Payments into and out of your bank account should be recorded in a proper cash book or onto a computer using software like MS Excel, Sage, Quickbooks or Xero. Keep your cash book up-to-date and you’ll be able to predict the likely bank balance for future months.
Sales invoice file
If you want to get paid for services rendered then you’ll need to send your client an invoice. You can create an invoice with MS Word. Each invoice should have a number and date and details of the service provided. Keep a hard copy of each invoice you send out. Use a ring binder to store them in chronological order. Use a file divider so you can keep unpaid invoices at the front of the binder and paid invoices at the back. That way you can easily identify who still owes you money.
Purchase invoice/receipts file
Make sure to get an invoice or receipt for every business expense. If you buy something online then print off the invoice/receipt. Write a number on each bit of paper you collect (0001, 0002, 0003, etc) and store them all in a ring binder in chronological order. Write a brief note on each invoice/receipt to explain when you paid it and how (e.g. BACS, cheque, cash etc). HMRC could ask you to produce an invoice or receipt at any time so best collect and store these as you go rather than try to obtain a duplicate copy years down the line.
Keep business and personal finances separate
Open a bank account for business use only. Use it to receive your business income and to pay legitimate business expenses such materials, carriage, travel, rent, heating, lighting, rates, insurances, stationery, advertising, phone/broadband, bookkeeping, legal fees, etc. Don’t use the business account for personal use. If you want to use business income to buy personal items then you need first to pay it into your own personal bank and record that transaction in the cashbook as a dividend or drawing.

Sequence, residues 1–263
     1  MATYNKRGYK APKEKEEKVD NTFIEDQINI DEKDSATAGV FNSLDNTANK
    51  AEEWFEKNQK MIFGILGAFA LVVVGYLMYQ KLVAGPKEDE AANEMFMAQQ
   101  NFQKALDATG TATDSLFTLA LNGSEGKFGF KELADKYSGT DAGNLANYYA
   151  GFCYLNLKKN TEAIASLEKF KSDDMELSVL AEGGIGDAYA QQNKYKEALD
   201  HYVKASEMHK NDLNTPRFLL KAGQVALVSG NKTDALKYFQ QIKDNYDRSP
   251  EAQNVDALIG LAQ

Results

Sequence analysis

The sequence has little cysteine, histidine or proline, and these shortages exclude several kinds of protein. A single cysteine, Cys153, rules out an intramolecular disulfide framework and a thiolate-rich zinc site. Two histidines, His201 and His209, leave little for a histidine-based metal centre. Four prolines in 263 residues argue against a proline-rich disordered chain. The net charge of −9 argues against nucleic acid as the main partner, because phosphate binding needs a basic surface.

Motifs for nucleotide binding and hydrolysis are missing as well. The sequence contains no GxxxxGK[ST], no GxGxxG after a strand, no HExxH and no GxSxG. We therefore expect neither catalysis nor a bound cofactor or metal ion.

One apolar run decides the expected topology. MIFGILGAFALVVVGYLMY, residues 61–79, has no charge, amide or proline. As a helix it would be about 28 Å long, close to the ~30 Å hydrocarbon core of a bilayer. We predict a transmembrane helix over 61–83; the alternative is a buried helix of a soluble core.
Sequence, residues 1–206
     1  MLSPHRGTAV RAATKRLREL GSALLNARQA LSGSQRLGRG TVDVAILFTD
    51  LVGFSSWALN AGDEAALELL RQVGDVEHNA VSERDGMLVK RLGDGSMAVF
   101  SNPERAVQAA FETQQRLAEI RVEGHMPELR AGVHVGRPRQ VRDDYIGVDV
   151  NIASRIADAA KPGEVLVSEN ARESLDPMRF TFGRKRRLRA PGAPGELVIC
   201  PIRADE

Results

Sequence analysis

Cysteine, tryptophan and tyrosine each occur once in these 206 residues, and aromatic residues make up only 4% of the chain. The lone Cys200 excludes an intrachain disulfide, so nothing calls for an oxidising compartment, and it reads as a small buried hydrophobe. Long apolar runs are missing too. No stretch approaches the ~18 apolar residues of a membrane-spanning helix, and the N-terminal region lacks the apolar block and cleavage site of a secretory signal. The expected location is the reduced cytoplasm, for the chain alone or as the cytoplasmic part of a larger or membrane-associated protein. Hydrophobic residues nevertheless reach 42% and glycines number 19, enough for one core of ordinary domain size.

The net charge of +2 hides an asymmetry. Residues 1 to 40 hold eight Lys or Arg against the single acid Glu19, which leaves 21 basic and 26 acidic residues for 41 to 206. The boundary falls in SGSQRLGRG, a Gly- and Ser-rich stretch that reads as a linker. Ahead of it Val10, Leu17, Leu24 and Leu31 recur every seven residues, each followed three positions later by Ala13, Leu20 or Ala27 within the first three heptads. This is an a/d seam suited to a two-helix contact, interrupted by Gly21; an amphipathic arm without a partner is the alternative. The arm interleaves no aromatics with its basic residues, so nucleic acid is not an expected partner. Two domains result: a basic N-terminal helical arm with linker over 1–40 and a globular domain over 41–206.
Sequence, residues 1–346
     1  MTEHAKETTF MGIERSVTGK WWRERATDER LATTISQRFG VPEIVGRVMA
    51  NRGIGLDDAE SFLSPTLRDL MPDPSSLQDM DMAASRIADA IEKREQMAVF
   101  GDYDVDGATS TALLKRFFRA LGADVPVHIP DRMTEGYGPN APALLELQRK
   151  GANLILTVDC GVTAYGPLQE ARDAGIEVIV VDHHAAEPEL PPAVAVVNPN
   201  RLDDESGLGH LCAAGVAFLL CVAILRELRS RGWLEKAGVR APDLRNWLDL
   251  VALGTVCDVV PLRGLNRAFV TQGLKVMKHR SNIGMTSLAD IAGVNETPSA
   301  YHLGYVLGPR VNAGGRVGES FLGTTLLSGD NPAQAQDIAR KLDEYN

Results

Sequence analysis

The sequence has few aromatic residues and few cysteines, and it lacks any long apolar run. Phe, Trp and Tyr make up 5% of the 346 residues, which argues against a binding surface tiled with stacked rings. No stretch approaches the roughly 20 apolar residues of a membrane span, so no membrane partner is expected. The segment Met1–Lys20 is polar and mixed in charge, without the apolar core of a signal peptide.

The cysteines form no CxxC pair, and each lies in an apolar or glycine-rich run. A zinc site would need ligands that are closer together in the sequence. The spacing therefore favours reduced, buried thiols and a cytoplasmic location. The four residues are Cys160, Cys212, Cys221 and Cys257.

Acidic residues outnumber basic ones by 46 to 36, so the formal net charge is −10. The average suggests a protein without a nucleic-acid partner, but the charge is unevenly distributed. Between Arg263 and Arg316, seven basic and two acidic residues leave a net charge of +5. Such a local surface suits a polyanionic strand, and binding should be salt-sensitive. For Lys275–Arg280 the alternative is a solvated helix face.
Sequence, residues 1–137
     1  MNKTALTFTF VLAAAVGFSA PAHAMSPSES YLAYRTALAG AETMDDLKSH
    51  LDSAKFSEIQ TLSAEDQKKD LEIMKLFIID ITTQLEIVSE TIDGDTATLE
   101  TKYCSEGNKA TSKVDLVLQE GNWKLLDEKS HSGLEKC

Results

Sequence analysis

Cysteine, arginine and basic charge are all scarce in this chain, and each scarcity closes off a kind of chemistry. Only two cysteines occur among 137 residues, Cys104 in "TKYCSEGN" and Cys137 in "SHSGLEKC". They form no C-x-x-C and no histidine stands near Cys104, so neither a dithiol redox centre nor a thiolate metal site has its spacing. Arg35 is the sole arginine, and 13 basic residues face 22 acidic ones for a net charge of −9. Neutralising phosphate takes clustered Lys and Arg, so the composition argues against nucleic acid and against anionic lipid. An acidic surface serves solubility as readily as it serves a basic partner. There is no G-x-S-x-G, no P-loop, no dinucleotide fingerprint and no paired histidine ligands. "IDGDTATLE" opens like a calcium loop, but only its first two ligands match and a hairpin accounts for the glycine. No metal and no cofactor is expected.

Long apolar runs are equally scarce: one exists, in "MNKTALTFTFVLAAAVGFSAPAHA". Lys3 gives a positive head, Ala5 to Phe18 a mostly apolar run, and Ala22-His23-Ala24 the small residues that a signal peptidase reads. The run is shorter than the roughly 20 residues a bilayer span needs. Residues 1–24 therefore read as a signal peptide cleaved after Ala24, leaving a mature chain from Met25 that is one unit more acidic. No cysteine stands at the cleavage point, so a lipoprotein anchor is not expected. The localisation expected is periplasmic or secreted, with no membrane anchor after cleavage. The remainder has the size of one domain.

Check your bank statement
Carefully read through your bank statement every month. You’ll have a better understanding of where the business money is coming and going. You’re more likely to spot potential fraud or banking errors and take fast appropriate action.
Make time for regular book-keeping
The time needed for book-keeping will depend upon the volume of transactions your business generates. Receipts and payments can be recorded in batches once or twice a week and reconciled with the bank statement at the end of each month, but don’t be tempted to do this work when you’re feeling tired as you’re more likely to make mistakes.
Hire an accountant
There’s no requirement for small business owners to use a professional accountant. But are you aware of your legal responsibilities regarding accounts? Are you making the most of your tax allowances? Do you know how to produce your annual Balance Sheet, Profit & Loss Statement, etc.? You may be able to do all of these tasks but a good accountant will still save you time and money in the long run.
Hire a bookkeeper
If you’re struggling to keep your records up to date then you’ll need a bookkeeper to update them on a regular basis. A good bookkeeper will reduce your accountancy bill and enable you to earn more money. For example, if you’re charging £40 per hour for your professional services and you can find a bookkeeper who’ll do your books for £20 per hour you’ll be able to concentrate on earning money instead of worrying about bookkeeping, which is a more profitable use of your time.
If you require an affordable bookkeeping or accounting solution please leave a comment below or email me in confidence via the contact page.
© 2018 Paul J Lockey